Photo by Nick Youngson, courtesy of Alpha Stock Images under license CC BY-SA 3.0.
Again we want to stress here, that we have nothing against rightful claims. However, we are a company that is not violating any Amazon TOS rules or any US or other applicable laws. If you are of sane mind, you know that doing these things will bite you in the you know what in the end. Not our game.
Yet, we find that there are companies online and selling on Amazon (or having their brand on Amazon) that don’t care so much about the law and file an intellectual property claim with Amazon. Like that, they get your listing suspended/blocked and get Amazon to strike your account. Some people even lost their accounts like that.
What does the Law say?
We don’t want to make this post about the law. And the writer of this post is not a lawyer (so disclaimer here, I am NOT a lawyer), so you are warned up front. However, we want to say something that makes sense and clarifies what we mean with an illegal intellectual property claim.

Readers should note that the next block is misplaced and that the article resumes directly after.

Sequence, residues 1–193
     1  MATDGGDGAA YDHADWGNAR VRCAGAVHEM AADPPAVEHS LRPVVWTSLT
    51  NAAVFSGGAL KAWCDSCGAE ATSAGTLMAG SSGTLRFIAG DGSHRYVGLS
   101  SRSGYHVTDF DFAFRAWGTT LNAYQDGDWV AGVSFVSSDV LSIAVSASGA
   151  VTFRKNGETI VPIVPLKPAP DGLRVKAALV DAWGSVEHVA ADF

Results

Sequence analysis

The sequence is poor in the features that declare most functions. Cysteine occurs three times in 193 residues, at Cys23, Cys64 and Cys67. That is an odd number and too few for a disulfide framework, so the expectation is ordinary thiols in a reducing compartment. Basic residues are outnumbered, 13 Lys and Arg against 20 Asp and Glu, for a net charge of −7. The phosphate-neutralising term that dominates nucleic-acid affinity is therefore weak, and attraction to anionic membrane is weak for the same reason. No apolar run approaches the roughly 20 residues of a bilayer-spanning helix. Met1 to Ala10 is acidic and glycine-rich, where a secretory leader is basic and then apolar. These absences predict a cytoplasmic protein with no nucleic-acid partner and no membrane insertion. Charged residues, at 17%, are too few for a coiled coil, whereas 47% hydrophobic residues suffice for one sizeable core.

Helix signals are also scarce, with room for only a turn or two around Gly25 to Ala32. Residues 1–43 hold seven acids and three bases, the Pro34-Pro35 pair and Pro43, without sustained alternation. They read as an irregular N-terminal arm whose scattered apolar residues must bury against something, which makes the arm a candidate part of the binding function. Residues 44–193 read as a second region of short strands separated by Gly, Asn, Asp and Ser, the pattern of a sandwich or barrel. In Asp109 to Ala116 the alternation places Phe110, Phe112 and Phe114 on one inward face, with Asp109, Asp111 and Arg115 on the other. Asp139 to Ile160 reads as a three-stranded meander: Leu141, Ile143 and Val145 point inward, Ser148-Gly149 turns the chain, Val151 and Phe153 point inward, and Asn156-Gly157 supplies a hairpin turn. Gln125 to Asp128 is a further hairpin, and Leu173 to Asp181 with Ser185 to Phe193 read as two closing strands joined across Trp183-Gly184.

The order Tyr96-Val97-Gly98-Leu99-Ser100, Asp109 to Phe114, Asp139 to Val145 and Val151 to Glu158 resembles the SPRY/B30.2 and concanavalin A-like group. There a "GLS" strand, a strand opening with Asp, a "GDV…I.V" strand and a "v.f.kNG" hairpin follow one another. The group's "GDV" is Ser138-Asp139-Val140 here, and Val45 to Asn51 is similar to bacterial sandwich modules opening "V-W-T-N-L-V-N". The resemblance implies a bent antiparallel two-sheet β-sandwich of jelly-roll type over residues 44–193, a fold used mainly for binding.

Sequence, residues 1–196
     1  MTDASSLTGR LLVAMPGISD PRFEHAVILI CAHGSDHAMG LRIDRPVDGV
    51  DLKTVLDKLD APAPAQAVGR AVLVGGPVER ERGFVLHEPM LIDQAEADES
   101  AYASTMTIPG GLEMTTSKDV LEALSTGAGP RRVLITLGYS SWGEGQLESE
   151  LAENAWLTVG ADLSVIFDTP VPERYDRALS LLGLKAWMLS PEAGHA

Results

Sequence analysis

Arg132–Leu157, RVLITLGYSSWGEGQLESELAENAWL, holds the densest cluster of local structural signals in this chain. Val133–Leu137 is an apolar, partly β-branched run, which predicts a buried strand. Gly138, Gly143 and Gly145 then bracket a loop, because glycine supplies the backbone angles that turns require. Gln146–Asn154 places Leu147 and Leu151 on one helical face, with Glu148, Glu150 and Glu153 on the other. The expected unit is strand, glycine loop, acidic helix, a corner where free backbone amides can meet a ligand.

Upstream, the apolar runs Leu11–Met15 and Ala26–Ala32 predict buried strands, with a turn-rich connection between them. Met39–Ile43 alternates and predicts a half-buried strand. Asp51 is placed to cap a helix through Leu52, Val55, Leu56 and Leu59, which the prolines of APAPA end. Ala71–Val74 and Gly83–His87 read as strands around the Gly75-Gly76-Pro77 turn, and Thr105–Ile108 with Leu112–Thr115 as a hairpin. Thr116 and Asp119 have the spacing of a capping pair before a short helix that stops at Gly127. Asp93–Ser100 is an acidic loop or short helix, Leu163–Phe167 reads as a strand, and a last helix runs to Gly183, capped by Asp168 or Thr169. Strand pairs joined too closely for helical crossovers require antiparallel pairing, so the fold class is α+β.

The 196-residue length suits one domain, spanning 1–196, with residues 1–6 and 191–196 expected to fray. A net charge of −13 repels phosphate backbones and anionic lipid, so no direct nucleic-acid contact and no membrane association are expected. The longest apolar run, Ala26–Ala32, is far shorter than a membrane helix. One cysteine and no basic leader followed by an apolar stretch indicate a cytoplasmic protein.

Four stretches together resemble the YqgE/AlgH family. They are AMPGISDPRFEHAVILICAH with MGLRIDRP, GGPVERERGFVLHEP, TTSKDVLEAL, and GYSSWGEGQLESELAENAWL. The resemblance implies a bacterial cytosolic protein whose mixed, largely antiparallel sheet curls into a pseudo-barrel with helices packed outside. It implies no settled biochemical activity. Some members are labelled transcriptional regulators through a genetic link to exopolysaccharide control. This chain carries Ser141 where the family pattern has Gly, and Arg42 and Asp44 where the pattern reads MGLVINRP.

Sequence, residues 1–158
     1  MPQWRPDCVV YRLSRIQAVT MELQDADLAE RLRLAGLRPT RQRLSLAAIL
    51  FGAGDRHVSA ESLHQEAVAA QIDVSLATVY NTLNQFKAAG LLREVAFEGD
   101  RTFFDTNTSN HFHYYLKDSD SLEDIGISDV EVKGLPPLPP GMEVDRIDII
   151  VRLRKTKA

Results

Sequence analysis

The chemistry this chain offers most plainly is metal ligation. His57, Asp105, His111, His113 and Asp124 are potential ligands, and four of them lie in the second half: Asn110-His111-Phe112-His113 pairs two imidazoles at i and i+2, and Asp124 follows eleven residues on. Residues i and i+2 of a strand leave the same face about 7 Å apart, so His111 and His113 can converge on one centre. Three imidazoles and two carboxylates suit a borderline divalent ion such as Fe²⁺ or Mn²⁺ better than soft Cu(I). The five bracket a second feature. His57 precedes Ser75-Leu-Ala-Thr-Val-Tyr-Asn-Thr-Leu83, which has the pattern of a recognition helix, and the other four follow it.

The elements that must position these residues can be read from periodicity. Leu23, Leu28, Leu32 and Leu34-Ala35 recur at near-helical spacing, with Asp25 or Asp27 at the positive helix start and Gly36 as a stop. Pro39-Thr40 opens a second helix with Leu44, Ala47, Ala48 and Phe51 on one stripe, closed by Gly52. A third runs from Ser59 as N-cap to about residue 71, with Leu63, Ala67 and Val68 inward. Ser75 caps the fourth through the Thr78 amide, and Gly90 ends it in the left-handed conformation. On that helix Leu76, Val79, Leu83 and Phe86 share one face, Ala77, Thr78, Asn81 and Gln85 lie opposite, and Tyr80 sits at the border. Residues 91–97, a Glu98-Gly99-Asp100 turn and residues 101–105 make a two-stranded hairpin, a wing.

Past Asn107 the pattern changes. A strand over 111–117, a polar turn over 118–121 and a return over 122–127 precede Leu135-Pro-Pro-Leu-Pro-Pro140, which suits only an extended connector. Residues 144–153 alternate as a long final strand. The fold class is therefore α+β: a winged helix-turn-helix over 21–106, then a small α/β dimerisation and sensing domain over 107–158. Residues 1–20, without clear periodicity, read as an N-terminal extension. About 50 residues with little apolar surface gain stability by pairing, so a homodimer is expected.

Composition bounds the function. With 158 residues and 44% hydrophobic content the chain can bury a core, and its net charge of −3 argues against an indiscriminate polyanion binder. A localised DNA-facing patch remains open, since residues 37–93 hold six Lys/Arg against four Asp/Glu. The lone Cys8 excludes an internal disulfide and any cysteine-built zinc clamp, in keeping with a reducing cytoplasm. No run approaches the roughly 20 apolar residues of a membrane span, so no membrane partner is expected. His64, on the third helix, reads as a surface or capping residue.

There is a thing called the first sale doctrine. What that means is this: The first sale doctrine (which is codified in US law) provides “that an individual who knowingly purchases a copy of a copyrighted work from the copyright holder receives the right to sell, display or otherwise dispose of that particular copy, notwithstanding the interests of the copyright owner.” You can read all about it here at the website of the Department of Justice of the USA.
In laymen’s terms, if you buy something from a manufacturer or brand owner and you want to sell it on Amazon, if it doesn’t violate the rules of Amazon and if you are not gated for that product, you are allowed to sell that product on Amazon. In that case, a brand owner or manufacturer that files an intellectual property claim with Amazon is violating the law. Period. (Again, disclaimer, not a lawyer here, but we can still read.)
So if you buy from a reputable distributor and you have an invoice, you should be totally fine and the strike on your account should disappear, right? Yeah, in an ideal world, yes. While Amazon support is usually pretty fast, when it comes to intellectual property claims, not so much. They really want to hear it from the horse’s mouth that the claim is invalid. In other words, you will have to convince the owner/brand/manufacturer that filed the complaint to withdraw the complaint and inform Amazon. And unfortunately, some only listen when you tell them you’ll sue them over their illegal claim.
If you want to know what a handling could be to get them to fall in line, register for free and watch a great video below. If you are registered already, read on!